Original URL: http://www.psxextreme.com/scripts/ps3-reviews/review.asp?revID=563
The Darkness II
Graphics: 8
Gameplay: 8.5
Sound: 8.8
Control: 8
Replay Value: 7.7
Rating: 8.3

The Darkness was one of the better games available in 2007; it also ranked among PSXE’s favorites because it combined multiple gameplay elements and presented us with a memorable atmosphere. It was developed by Starbreeze Studios but the sequel, which just hit store shelves today, was created by Digital Extremes. The change in design team resulted in a different focus, although we get an appropriate follow-up story (same main character), and the action is through-the-roof sick. Trust me.

The most visible alteration hits you right between the eyes: in stark contrast to the hard-edged PC visuals in the first title, The Darkness II features a nicely detailed cel-shaded palette, which at first glance clashes sharply with the game’s grisly nature. But in many ways, I think this style is actually more fitting because in truth, we’re really playing an over-the-top superhero-like game, and the theme should reflect the adventure’s fantastical nature. I think some of the levels could’ve had better design but for the most part, it’s pretty good.

If you read our review of the first game, we praised the voice acting, which at the time was some of the best we’d heard. Well, same goes for the sequel. They really tapped some great actors for this bad boy; the heavy New York accents for the mob family involved in the story are great and Jackie Estacado, Jenny, and other major characters are excellently performed. The effects are gut-wrenching – as you might expect – and the soundtrack is pretty cool, but needed to adopt a larger role throughout. This game requires bad-assery in all forms at all times.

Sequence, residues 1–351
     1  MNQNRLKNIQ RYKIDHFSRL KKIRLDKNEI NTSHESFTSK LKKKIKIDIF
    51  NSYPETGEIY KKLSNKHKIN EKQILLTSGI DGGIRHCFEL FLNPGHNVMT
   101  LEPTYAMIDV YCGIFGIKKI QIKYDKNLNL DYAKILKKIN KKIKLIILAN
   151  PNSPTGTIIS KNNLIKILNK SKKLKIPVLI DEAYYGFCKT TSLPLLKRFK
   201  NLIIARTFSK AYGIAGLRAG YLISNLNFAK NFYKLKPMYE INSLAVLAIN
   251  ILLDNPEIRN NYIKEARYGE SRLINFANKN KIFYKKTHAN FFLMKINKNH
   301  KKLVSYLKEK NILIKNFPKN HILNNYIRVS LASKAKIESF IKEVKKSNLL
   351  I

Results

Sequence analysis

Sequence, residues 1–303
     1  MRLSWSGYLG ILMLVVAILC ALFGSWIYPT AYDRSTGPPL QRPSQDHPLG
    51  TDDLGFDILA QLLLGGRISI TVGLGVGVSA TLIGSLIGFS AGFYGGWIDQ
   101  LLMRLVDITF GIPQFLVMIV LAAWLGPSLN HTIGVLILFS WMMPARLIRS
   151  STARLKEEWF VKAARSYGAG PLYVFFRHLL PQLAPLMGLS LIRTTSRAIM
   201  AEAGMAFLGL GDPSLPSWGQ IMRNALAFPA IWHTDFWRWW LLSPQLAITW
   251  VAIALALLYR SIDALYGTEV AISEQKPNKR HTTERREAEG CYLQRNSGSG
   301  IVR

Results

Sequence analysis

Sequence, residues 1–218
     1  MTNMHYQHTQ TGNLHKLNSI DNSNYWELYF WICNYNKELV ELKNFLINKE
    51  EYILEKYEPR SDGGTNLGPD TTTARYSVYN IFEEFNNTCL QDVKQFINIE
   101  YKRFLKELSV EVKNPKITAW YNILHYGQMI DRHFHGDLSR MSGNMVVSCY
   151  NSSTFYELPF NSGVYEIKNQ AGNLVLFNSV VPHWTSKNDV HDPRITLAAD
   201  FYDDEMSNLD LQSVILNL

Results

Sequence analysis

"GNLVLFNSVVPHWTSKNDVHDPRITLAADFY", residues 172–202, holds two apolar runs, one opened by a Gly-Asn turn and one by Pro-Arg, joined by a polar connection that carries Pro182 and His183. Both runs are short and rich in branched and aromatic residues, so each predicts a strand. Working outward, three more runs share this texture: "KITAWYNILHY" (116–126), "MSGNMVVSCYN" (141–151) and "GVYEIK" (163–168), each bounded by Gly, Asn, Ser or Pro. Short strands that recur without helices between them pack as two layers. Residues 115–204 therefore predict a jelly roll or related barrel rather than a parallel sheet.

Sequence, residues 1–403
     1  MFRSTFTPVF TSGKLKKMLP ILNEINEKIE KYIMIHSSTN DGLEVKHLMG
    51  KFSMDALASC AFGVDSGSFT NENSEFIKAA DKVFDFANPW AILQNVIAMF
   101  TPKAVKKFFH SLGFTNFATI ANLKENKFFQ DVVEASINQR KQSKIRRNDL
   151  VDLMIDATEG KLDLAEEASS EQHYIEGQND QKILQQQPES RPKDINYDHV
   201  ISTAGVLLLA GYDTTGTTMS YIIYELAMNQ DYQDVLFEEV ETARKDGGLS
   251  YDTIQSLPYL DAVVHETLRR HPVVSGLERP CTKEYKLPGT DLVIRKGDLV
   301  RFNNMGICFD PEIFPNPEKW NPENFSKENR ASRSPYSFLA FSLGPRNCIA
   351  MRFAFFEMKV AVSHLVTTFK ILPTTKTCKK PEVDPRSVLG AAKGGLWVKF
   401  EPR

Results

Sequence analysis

I hate to say The Darkness II is “dumbed down” because I had a ton of fun with this game. But it’s an accurate description: while the first had some stealth elements, had a more diverse pacing, and felt like a more robust blend of first-person shooter and superhero abilities, the second is…well, more focused. That’s a nice way of saying you sorta do the same thing throughout, and we’re lacking the variety and relative depth found in Jackie’s first shadowy adventure.

And I’m telling you right now, this is the primary reason most reviewers will only give the game around a 7 or 7.5. The Darkness just felt like a more well-rounded and ambitious effort, and the story also went through more twists and turns. In the sequel, Jackie Estacado is the head of a crime family but The Darkness reawakens when Jackie’s life is threatened. Somebody wants that crazy power for himself and at the same time, Jenny (who died in the first game) is still in hell, and in danger of burning forever if Jackie doesn’t play ball with The Darkness.

But that’s really it. There’s not much more to the plot. So that’s another significant reason why you’ll see merely average review scores. But I’ll be candid and forthright (have I ever not been?) when I say, I don’t really care. Hey, I’m the first to support the advancement of artistic aspects of interactive entertainment, and I truly believe industry progress requires more of the arts and less of the science of game making. That being said, The Darkness II doesn’t have much of a brain, but it does have a soul.

Get More: GameTrailers.com, The Darkness II - Most Evil and Wretched Gameplay, PC Games, PlayStation 3, Xbox 360

It’s dark as night but it’s there. Plus, it’s freakin’ fun. The Executions never seem to get boring and the entire environment is just completely insane. The voice of The Darkness will assault your speakers with its dripping evil; you’ll be going along and suddenly the screen will glow red and you’ll hear “rip them apart!” in this devilish voice. Your two demon arms are multifunctional; the left can grab while the right can slash horizontally and vertically. Any Dark Essence you earn can be spent on new skills.